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Facebook digs in over Jill Meagher page

Australian Police worry comments could spoil murder trial

Internet Security Threat Report 2014

A Facebook page dedicated to directing hate at an accused murder has sparked a legal row in Australia, after Facebook declined to take down the page despite Police appealing for its removal.

Victorian Police last week arrested Adrian Bayley over the rape and murder of an Australian Broadcasting Corporation employee and Irish expatriate, Jill Meagher, as she was returning home from a Melbourne bar in September.

Her disappearance had sparked a week-long social media campaign to locate the woman, whose body was found in a shallow grave near Gisborne South, about 40 km north-west of Melbourne.

Police are concerned that the “hate pages” – as many as a dozen – could prejudice the trial, and on that basis, have requested Facebook delete at least one page containing offensive material about Bayley, something which Victoria’s police chief commissioner Ken Lay says the company has refused to do.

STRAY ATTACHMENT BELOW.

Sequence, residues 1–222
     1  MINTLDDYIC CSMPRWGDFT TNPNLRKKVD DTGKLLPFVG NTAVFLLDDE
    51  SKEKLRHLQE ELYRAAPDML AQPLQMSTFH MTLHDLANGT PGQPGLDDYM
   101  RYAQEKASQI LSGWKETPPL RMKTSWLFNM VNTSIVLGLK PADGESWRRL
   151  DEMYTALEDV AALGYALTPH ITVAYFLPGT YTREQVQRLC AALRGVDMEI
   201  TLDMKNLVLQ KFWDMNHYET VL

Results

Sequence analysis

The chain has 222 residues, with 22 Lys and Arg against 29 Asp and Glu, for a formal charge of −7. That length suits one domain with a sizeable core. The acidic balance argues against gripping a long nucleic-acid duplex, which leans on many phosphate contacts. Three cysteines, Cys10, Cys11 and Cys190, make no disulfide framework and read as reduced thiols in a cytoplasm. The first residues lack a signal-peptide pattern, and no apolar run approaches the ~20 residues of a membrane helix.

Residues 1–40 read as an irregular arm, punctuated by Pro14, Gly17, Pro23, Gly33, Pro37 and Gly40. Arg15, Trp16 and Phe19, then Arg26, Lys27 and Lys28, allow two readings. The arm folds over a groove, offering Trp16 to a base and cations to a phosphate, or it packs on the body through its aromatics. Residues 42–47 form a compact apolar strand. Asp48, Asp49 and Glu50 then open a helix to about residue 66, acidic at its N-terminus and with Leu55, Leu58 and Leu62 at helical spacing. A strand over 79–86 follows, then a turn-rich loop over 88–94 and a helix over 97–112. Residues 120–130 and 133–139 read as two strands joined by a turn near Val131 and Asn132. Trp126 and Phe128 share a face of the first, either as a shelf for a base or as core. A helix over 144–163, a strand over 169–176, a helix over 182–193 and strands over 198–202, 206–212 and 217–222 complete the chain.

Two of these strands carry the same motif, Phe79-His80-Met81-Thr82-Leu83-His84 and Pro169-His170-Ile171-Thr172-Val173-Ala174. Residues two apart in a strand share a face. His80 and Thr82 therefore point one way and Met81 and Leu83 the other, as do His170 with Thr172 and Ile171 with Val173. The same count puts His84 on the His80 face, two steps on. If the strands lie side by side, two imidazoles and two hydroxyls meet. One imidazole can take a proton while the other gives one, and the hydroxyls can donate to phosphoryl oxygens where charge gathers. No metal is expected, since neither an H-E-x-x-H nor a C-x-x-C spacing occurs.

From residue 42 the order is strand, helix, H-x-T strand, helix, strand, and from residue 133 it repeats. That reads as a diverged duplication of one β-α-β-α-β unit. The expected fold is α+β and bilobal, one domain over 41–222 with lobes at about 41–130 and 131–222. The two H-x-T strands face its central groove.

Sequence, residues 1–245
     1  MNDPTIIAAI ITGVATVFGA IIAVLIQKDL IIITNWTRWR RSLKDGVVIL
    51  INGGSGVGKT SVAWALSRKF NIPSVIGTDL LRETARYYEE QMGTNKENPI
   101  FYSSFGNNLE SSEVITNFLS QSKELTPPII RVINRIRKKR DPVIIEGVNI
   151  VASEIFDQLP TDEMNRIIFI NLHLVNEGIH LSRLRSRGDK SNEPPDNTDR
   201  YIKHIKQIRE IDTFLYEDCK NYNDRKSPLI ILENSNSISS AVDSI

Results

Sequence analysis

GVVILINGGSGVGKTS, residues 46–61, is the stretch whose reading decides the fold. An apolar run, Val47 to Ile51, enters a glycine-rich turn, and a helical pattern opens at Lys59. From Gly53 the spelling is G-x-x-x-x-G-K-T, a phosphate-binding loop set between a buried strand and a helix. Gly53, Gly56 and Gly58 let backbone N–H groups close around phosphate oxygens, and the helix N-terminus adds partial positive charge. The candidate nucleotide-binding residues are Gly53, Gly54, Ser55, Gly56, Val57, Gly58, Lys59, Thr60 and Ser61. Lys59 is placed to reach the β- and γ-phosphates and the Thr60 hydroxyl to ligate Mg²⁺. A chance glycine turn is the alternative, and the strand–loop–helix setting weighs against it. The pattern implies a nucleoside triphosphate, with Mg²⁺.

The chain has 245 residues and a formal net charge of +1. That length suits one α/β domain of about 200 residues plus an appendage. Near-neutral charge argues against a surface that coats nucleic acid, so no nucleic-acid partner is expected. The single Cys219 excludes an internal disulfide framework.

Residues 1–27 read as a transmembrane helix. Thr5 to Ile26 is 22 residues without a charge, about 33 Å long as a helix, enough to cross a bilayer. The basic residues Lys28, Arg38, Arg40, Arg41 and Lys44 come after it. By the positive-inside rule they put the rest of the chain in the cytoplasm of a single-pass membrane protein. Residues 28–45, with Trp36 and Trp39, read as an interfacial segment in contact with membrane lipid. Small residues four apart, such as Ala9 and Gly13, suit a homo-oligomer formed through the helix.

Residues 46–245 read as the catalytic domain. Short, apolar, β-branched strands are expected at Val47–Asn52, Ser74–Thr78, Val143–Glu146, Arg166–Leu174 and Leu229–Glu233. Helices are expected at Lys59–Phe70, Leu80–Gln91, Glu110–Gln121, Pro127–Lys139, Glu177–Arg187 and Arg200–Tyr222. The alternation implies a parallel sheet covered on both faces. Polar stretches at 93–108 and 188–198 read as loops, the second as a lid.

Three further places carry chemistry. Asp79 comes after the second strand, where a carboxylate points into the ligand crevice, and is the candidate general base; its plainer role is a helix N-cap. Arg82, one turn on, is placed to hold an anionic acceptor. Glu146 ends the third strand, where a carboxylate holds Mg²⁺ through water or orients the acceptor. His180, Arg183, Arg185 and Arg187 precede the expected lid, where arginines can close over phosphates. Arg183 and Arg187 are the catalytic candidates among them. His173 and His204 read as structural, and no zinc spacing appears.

“We've all got a social responsibility. Facebook is part of our community and I would have thought that it would have only been reasonable,” Lay is quoted as saying by AFP.

“We've got to remember that no matter how horrible this crime is, this gentleman has got to be afforded a fair trial. It's not for Facebook pages or anyone else to be taking justice into their own hands.”

In a separate statement posted on its own Facebook page, Victoria Police has stated that criminal investigations could be launched into the hate sites.

“'Victoria Police is aware of the existence of a number of Facebook pages inciting hateful activity and offensive or threatening comments in relation to the accused in the Gillian [Jill] Meagher investigation,” its statement says.

“'Any pages or posts that appear to be in breach of Victorian contempt laws will be reported to the E-Crime Squad for investigation.”

The case has drawn the attention of Australia’s state and federal attorneys general, with Victoria’s AG Robert Clark calling for a “coordinated, national” approach to handling the potential impact of social media on legal processes, according to the Sydney Morning Herald. ®

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